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Ask a Pro: The Do's and Don'ts of Mixing Lip Colors

mixing lipstick colors

Billy Mercer knows a thing or two about personalizing lip color. As a face painter who’s made up everyone from former First Lady Laura Bush to supermodel Christy Turlington to the everyday brides he works with at Lip Service XO (a beauty concierge he co-owns with creative director Jamie Breuer in Austin, Texas), Mercer’s clientele is varied. But one common thread he finds among his clients: They desire custom lip color. So, he opened up XO Lip Bar, a lip color customizing service that fully realizes his clients’ pigment fever dreams. Here, Mercer shares his do’s and don’ts of mixing lip colors to ensure a stellar outcome.

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DO use black when you want to darken and cool a color. “Always start with a small amount, gradually adding black until your desired shade has been reached. If you want to darken and warm a color, add black and brown,” he says.

DON’T go overboard with ochre (green-brown) tones. “They can turn your shade real muddy, real fast. Think baby poop!” he laughs. However, when used in the right amount with the right colors, ochre works to mute the intensity of hues.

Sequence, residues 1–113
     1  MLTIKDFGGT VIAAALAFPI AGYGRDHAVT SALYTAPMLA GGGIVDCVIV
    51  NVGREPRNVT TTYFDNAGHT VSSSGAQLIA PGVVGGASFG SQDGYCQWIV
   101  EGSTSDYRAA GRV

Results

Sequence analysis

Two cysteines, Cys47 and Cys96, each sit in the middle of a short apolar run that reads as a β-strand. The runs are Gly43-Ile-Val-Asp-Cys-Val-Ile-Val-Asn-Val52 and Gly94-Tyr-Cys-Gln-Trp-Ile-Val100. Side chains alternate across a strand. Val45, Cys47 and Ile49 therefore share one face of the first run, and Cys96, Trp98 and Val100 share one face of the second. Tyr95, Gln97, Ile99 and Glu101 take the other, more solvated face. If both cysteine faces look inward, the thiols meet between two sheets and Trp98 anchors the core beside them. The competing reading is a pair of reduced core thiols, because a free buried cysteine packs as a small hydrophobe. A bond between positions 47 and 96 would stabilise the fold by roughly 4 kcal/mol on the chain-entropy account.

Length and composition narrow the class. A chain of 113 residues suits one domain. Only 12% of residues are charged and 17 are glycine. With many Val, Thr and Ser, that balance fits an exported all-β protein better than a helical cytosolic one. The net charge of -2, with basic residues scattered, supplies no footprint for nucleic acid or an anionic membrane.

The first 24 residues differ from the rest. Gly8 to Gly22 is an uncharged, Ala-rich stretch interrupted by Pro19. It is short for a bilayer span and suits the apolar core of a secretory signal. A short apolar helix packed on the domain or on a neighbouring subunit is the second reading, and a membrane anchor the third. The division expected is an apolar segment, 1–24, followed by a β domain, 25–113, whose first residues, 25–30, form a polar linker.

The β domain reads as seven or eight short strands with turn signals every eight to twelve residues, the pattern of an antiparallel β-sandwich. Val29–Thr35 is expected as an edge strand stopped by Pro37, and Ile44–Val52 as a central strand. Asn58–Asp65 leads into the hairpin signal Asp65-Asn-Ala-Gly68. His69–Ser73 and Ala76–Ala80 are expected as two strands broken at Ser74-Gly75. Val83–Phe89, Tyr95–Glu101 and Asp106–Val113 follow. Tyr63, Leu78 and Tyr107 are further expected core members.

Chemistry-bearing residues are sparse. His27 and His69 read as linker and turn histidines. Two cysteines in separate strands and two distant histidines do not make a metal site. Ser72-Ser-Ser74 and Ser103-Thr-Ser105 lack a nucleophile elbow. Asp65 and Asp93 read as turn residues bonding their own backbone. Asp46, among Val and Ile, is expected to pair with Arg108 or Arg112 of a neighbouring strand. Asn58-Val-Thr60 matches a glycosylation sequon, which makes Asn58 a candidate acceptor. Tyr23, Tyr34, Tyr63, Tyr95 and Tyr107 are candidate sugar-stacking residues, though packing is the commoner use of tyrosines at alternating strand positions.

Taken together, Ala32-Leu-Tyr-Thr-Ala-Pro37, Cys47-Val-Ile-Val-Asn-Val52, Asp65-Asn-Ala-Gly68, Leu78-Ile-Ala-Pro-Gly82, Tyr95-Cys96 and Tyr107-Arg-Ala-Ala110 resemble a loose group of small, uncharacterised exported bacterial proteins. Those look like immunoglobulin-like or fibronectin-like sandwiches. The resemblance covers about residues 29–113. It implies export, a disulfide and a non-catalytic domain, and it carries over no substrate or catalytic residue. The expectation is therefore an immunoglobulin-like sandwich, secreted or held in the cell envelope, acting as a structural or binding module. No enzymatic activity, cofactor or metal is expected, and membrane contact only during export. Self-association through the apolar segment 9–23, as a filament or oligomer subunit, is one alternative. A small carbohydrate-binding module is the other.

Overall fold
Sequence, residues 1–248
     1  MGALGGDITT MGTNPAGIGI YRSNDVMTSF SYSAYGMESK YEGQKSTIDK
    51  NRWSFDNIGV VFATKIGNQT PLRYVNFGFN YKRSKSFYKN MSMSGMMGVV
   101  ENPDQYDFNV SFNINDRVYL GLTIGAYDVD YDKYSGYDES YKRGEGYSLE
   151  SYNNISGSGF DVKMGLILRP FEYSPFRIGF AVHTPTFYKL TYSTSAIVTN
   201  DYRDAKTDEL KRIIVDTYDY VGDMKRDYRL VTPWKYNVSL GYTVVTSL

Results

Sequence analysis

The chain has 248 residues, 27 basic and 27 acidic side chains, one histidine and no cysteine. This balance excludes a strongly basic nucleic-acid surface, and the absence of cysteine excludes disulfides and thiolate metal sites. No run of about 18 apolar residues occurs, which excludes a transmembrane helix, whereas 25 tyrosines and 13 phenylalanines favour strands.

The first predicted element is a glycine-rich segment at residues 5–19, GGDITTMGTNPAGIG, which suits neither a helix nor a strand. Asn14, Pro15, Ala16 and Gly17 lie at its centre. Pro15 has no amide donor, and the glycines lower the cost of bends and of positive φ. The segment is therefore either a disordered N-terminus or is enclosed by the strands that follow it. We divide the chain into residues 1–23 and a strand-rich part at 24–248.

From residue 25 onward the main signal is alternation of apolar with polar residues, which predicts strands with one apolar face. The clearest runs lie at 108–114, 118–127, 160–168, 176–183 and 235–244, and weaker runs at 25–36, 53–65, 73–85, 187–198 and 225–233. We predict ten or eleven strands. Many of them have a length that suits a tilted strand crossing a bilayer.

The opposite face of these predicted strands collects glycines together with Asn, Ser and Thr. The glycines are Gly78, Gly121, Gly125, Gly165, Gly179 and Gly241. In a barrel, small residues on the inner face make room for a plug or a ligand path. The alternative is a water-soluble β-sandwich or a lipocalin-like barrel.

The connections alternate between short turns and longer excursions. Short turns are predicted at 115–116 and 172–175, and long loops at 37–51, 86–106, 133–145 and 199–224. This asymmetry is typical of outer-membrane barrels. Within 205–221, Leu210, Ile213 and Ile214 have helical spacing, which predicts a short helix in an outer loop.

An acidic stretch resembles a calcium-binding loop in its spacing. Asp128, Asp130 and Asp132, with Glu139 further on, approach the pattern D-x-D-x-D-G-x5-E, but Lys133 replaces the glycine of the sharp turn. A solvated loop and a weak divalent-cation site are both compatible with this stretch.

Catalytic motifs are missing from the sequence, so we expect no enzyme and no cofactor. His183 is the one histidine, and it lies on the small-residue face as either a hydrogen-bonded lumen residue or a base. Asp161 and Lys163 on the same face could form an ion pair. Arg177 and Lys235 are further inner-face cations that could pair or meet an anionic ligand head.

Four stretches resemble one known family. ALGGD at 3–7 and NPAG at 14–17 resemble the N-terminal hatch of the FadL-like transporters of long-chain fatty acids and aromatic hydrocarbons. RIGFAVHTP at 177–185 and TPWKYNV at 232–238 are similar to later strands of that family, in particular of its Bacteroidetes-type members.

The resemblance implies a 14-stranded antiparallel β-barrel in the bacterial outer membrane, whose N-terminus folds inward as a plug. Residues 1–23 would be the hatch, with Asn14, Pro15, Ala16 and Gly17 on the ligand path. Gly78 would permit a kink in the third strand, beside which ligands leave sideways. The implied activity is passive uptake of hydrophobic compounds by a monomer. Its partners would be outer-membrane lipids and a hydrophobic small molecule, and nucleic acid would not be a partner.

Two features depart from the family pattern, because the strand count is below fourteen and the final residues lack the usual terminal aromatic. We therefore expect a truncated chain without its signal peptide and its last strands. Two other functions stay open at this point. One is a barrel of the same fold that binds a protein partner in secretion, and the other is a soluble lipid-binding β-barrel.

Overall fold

DO add large amounts of white if you want to lighten and cool a color. “To lighten and warm up a color, just use peach. Depending on the tone of your peach, however, you may also need to add white,” Mercer says.

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DON’T think you need to scrap a color if it’s not working. “The first thing you’ll want to assess is what you don’t like about the hue. Is it too cool? Too light? Too dark? Adjust accordingly,” he says, noting that adding pinks, reds and purples can really “rescue any color and make it more wearable.”

DO be smart about lighting. “At the XO Lip Bar, we use The Makeup Light during the mixing process. Then, to ensure it’s perfect, we assess the color in natural light while it’s on the client’s lips to make sure it flatters her skin tone,” he says.

DO use a lot of trial and error. “That’s how you’ll learn to guarantee a beautiful color, every time. Use color theory to get close to your desired hue. Then, little by little, add your ‘toner’ colors to perfect the level and tone,” Mercer says. And, he reminds, you can always “rescue a color that got away from you. Just grab your color wheel and figure it out. And when you do, there’s not a more satisfying feeling!”

—by Karie L. Frost

[Image: Courtesy of Lip Service XO]